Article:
Investigation of nutritional diseases at the veterinary diagnostic lab

Rob Porter, DVM, PhD Diplomate ACVP, ACPV - Minnesota Veterinary Diagnostic Laboratory

©Clinica Veterinaria Tyrus

Here below the role the veterinary diagnostic laboratory can play in helping to confirm nutritional diseases in a flock has been described. Regardless issues with feed formulation or nutrient absorption should always be a concern when flocks are experiencing reduced growth, lameness, poor feathering, dehydration, reduced egg production or poor shell quality.

Types of disorders
For the generally small number of feed-related issues, the case is usually submitted with one of the two histories: 1) immediate change in flock behavior, e.g., decreased feed consumption, mortality, paralysis, and 2) a chronic, insidious or predictable condition that has been observed in successive flocks, e.g., feather loss, reduced egg production, lameness.

Initial approach
Investigation of the flock by the production manager or company veterinarian as quickly as possible is vital; however, upon early recognition of the condition a full necropsy to rule out infectious disease is important.

What should you do if you immediately suspect a feed issue contributing to severe flock signs? If there is first hand evidence of a feed deficiency or toxicosis one should and replace feed may be prior to contacting the veterinary diagnostic lab. This will require having extra feed bins on the farm. The response of the flock to feed replacement can be interpreted along with testing on feed, water and birds, to confirm the diagnosis. The producer or veterinarian should collect 1-2 lb of feed and ½ gallon of drinking water as samples representative of what the flock received.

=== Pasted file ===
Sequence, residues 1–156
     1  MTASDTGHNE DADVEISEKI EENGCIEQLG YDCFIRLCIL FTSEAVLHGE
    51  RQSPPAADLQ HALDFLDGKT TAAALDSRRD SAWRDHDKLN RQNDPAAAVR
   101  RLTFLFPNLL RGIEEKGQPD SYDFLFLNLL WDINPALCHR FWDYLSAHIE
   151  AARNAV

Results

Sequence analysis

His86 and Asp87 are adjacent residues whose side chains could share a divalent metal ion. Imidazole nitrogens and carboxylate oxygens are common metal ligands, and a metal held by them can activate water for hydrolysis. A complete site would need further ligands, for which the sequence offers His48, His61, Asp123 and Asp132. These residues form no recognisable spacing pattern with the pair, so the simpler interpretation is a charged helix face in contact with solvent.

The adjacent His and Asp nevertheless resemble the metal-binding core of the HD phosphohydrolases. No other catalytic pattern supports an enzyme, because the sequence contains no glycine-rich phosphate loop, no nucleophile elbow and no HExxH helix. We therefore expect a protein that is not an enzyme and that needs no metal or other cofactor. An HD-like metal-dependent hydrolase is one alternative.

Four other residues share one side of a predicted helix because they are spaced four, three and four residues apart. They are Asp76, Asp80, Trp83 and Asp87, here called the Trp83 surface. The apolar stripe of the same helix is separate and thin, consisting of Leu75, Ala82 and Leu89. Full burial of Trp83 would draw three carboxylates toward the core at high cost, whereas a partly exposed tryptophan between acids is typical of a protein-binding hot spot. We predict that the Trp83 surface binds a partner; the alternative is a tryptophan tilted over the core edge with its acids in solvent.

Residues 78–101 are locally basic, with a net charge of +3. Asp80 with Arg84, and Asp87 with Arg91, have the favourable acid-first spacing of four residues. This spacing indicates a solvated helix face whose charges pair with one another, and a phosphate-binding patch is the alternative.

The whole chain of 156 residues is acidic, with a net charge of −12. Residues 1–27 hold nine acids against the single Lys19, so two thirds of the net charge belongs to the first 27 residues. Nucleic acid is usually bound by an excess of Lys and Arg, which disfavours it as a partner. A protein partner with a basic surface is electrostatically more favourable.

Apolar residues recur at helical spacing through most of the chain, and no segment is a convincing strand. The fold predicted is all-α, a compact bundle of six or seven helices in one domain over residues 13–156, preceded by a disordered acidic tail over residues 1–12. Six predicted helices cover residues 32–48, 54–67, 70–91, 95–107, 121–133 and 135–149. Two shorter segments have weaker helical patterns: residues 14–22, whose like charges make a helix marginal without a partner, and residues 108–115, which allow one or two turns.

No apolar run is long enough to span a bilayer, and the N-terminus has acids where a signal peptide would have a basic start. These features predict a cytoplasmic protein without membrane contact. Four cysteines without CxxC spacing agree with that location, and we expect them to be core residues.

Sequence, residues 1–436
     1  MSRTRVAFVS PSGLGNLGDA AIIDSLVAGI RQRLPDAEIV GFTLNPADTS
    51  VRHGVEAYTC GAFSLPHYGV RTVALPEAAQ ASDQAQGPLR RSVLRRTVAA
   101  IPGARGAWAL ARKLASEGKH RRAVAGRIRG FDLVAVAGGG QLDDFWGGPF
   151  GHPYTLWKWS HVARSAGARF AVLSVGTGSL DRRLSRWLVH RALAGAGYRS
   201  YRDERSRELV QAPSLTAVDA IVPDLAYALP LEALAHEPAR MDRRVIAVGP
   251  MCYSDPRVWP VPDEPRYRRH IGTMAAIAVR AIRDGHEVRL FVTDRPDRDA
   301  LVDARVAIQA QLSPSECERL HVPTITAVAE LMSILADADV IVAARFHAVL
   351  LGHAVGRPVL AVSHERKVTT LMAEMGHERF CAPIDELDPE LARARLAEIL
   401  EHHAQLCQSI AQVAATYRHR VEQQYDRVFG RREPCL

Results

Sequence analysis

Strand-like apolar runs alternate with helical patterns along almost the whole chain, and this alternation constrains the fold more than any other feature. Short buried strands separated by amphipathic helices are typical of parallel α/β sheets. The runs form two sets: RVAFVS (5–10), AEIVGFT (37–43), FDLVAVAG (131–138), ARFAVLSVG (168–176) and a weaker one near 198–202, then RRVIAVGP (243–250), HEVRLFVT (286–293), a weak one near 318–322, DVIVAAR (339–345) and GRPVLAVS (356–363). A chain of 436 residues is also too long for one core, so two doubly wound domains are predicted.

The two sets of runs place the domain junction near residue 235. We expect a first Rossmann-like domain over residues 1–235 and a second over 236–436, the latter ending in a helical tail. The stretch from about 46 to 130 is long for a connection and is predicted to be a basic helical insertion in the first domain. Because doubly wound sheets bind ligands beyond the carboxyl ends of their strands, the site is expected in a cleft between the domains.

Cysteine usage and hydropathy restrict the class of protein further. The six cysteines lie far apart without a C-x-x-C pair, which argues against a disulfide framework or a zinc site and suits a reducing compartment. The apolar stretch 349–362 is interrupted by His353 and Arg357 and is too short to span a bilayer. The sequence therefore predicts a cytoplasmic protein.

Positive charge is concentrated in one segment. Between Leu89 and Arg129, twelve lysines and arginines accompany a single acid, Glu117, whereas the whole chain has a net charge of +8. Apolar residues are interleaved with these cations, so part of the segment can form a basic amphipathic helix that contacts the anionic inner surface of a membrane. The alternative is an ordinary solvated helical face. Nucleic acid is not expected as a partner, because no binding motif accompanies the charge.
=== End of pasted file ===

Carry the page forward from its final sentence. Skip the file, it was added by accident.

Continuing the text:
What should you do if you suspect chronic nutritional disease or toxicosis?
There will be situations where you observe chronic, insidious clinical signs that occur in successive flocks. A recurring production problem can be tackled with more thorough investigation and sample collection. Keep detailed production and feed records to be shared with the nutritionist, veterinarian and laboratory diagnostician. Feed and water samples should be collected and refrigerated 1-2 weeks prior to the predicted onset of the clinical signs and birds should be submitted to the diagnostic laboratory for full diagnostic workup including histopathology. Later, when the particular clinical signs are observed, similar feed and water samples should be collected, and birds should be submitted for additional diagnostic workup. It is paramount to rule out infectious disease as the primary cause of the clinical signs. Once infection has been ruled out one can investigate for nutrient deficiency or toxins in feed and water as well as compare necropsy findings before and after onset of clinical signs. Keep in mind that a thorough investigation requires additional feed, water and tissue analyses that can triple or quadruple the cost of the necropsy.

What does a pathologist do with the birds and samples submitted to the veterinary diagnostic laboratory?
The vet pathologist generally prefers to receive whole, intact birds for necropsy within 24-36 hours of death or less, although this cannot always be done with large birds or concerns about shipping costs and delays in transit. The pathologist will assess the following items (costs increase as one progresses from 1-8):

  1. Flock history
  2. Production or vaccination records
  3. Gross exam on birds
  4. Histopathology
  5. Bacterial cultures
  6. Virology – virus isolation and PCR molecular techniques
  7. Optional – radiology, special histology stains, immunohistochemistry
  8. Nutritional and toxicological tests

What tests are readily available for feed or tissue analysis?

Water- solutes, coliforms, sulfates, nitrates